In this article we are going to look at two flowering shrubs that grow in the…
PROTECT, MANAGE, RESTORE – these three words are a WWF mantra for appropriate care for the environment. In the coming weeks we will look at this mantra in relation to several aspects of management of Zimbabwe’s vegetation, particularly in the form of forests.
We need to remind ourselves constantly of the importance of plants in our lives.
Without plants we humans (and all other animals) would soon cease to exist. We depend on plants for our existence – for food, shade, building timber, yes, but far more fundamental than that, we depend on plants for the very air that we breathe. Plants breathe in our carbon dioxide and breathe out the life-sustaining oxygen we need. Huge natural forests like the Amazon jungle are “the lungs of the world”.
But apart from that extreme importance of vegetation, and in particular trees, in our lives let us briefly list a few other reasons vegetation is important, such as:
• Sustaining the all the life forms (including humans) that live on and off plants and that in turn provide food for all the prey species (and humans);
• Holding soil together;
• Breaking down into soil nutrients
• Fixing soil nutrients (like nitrogen)
• Carbon sink, working against global warming
We need multiple approaches to taking care of the vegetation of our planet.
We need to:
• Slow down deforestation in our country;
• Promote reforestation to begin to replace what has been lost, through deforestation or even just natural tree death from old age;
• Act against invasive plant species that are squeezing out indigenous species;
• Recognise the crucial part played by deadwood in a healthy forest;
• Manage bushfires.
When I was a child (many, many years ago) I remember camping with my family at Main Camp, Hwange, in the shade of a clump of large trees which protected us from the blazing sun at any time of the day. This is no longer possible, not because humans desperate for firewood have chopped down the trees, as is the case in much of Zimbabwe, but because many of those trees have simply died of old age.
The plentiful groves of mature trees that attracted the designers of Main Camp in the 1950s belong for the most part to species that do not live beyond 100 years – and their time was up. It is immediately apparent when one drives into the area of tourist accommodation that there is a serious shortage of flourishing trees and the area is dominated by trees that are dying or bare stumps of dead trees or spaces where trees used to be. Most of this article will consist of photos – on the grounds that they are all that are necessary to suggest that action is needed.
Layout of Tourist Accommodation in Main Camp
(This map was drawn up using a satellite photo – it is therefore easy to see that the pale areas have few if any trees.)
At first glance the area where the Lodges are situated (to the right of the entrance to the accommodation area) is well supplied with large trees but in fact many have died or are dying and they are just screened by the remaining trees (see photo above).
There are a few large trees remaining in the Chalet area but the majority are dying or have completely died.
The Cottage area has lost almost all its tree cover. The only shade available comes from the thatched gazebo in the center of the area.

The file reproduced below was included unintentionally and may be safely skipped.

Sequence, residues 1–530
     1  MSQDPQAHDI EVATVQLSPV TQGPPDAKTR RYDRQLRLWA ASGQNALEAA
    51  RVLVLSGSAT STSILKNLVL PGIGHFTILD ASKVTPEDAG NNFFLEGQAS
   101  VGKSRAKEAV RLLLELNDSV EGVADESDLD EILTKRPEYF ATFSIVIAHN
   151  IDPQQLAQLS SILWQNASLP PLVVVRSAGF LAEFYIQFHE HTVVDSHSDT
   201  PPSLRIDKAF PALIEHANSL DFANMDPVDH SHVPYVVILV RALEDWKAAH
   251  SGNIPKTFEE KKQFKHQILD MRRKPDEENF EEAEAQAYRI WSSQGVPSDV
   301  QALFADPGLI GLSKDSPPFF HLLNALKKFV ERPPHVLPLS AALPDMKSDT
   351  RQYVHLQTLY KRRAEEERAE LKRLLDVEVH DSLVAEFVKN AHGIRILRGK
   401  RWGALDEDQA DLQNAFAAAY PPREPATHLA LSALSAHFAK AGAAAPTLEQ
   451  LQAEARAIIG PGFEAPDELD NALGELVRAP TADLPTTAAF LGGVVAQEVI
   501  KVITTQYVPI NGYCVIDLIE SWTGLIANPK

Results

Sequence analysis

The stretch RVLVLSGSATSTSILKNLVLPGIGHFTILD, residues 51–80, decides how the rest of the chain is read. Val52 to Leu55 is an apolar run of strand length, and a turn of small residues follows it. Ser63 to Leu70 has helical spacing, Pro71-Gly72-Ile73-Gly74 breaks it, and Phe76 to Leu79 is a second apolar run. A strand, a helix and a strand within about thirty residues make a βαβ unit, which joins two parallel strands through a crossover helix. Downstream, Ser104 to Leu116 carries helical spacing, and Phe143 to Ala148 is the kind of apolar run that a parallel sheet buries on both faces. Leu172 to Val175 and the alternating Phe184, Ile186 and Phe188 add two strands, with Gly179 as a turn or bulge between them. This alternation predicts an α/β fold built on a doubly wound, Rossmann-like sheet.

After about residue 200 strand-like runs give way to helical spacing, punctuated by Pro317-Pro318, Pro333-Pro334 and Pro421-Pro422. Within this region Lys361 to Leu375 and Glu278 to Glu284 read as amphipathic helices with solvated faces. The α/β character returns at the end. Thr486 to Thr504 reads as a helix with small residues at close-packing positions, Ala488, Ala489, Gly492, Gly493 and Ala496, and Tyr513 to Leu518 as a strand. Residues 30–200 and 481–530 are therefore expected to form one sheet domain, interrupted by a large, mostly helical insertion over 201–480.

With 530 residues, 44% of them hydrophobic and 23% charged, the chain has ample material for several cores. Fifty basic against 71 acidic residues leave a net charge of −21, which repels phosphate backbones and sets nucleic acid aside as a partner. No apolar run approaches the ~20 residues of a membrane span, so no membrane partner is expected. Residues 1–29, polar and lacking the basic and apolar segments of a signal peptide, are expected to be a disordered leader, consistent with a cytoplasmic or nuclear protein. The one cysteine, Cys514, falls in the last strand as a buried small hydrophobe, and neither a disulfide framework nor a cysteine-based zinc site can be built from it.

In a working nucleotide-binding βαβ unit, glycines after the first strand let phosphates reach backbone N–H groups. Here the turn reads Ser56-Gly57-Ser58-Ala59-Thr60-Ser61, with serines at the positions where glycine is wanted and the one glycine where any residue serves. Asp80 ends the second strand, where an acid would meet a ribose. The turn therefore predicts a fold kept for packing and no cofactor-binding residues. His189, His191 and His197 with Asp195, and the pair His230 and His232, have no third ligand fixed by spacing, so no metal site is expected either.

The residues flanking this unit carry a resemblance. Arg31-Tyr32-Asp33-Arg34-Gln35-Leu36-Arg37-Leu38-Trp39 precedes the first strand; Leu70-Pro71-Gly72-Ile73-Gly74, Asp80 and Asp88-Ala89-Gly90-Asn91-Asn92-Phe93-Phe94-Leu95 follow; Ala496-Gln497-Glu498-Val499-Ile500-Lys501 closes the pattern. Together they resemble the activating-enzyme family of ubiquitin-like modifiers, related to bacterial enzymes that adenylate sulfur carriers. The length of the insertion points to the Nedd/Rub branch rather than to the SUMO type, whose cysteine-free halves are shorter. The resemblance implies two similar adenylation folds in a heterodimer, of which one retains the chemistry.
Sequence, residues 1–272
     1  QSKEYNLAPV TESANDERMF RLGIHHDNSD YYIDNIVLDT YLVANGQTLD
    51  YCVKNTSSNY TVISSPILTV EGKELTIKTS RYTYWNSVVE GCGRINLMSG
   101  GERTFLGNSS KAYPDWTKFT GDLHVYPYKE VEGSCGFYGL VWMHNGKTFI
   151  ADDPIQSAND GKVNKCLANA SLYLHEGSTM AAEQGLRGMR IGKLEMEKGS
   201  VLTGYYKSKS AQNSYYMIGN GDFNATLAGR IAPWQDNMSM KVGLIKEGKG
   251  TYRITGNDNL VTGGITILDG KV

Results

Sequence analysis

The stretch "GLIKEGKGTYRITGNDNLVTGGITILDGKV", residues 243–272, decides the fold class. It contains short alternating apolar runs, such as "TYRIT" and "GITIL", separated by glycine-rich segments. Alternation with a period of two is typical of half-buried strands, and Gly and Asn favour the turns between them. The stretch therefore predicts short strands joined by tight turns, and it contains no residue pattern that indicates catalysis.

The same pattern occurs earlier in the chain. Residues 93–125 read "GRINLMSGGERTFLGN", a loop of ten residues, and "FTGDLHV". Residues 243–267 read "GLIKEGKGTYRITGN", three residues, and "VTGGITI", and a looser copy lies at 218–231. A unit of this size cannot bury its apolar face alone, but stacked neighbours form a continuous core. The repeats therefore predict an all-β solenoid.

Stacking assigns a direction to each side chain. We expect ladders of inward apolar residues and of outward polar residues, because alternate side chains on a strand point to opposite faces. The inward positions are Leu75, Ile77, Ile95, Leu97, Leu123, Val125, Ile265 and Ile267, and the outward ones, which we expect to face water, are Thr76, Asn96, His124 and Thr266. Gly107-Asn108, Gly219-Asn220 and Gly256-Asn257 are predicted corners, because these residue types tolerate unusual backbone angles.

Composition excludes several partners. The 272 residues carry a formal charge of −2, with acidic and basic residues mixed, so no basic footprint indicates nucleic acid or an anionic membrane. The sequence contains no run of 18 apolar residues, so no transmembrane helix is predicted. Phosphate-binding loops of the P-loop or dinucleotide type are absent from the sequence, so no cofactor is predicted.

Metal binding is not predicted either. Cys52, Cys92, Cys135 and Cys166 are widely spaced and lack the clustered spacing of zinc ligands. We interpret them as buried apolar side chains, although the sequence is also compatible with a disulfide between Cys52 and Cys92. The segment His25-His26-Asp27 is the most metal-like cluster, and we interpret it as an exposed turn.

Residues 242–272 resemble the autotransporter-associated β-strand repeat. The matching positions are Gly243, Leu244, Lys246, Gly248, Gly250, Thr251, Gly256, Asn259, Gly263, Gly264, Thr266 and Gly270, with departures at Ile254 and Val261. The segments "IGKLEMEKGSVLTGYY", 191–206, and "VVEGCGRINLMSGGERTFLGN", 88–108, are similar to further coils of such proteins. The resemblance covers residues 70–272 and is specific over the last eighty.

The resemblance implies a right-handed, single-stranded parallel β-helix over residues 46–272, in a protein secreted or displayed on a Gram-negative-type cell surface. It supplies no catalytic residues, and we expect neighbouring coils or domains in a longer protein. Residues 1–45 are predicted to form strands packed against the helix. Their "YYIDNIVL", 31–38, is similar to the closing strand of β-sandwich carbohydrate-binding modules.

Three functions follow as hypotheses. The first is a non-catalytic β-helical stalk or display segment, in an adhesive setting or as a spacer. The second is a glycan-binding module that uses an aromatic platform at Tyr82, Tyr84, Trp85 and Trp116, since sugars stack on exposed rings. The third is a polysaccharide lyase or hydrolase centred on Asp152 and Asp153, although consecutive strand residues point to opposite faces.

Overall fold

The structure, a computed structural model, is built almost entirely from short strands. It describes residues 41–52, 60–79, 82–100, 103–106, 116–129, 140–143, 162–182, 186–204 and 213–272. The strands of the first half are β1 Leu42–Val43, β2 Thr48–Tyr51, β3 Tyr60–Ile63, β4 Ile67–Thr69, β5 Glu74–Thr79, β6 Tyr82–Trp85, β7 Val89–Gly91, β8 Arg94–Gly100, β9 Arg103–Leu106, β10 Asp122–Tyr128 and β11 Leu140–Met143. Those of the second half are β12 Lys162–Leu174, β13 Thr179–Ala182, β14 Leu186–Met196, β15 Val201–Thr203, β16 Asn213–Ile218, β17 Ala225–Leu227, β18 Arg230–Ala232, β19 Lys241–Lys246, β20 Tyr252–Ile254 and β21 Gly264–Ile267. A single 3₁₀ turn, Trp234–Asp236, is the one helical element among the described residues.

Camping / Caravan Area
The caravan and camping area is the hardest hit by the loss of trees and perhaps the area where it would be most desirable to provide trees and their shade for people living under canvas and cooking in the open.
What Is Needed?
I have used a map of the lodge area to suggest the trees that it could be desirable to plant (represented by circles) to replace dead trees and to fill in empty areas. This comes to approximately 50 trees in the lodge area alone. (I would say that to repopulate the whole of Main Camp’s tourist accommodation would call for upwards of 200 young trees – to allow for the fact that many of the remaining trees will die in the near future).
Obviously it would be better to plant a handful of trees now rather than none but I would like to see at least a hundred trees planted in the accommodation area as a whole.
Obviously it would be desirable to plant those species that are occurring naturally in Hwange and originally populated the Main Camp space. The predominant species is Camelthorn (Vachellia erioloba), which fortunately grows relatively fast. Another species that was common is the African Teak (Baikiaea plurijuga). Other big, shady trees found in the area are Scotsman’s Rattle (Amblygonocarpus andongensis), African Wattle (Peltophorum africanum), False Mopane (Guibourtia coleosperma) and Leadwood (Combretum imberbe). Other species that are not shady but are characteristic are the African Rain Tree or Apple-leaf (Philenoptera violacea formerly Lonchocarpus capassa) and Silver Terminalia or Silver Cluster-leaf (Terminalia sericea). It would be great to take the advice of an expert on how to maximize the advantages of fast growth with the judicious sprinkling of slow-growing trees that will only come into their own after many years.
There is absolutely no point in planting young trees unless they are supplied with protection from being browsed by animals, such as the resident herd of impala who roam Main Camp every night. Supports and some sort of fencing or cage will be necessary for each sapling. Jod Dankwertz as some sort of environmentally friendly tree protection but otherwise there needs to be arrangements made with gum poles or metal poles and pieces of diamond mesh fencing.
When? It would be desirable to plant the trees just before the rainy season (i.e. October or November) so that the young trees get a good start in natural rainfall. They might then require a little supplementary water in the dry season for a year or two.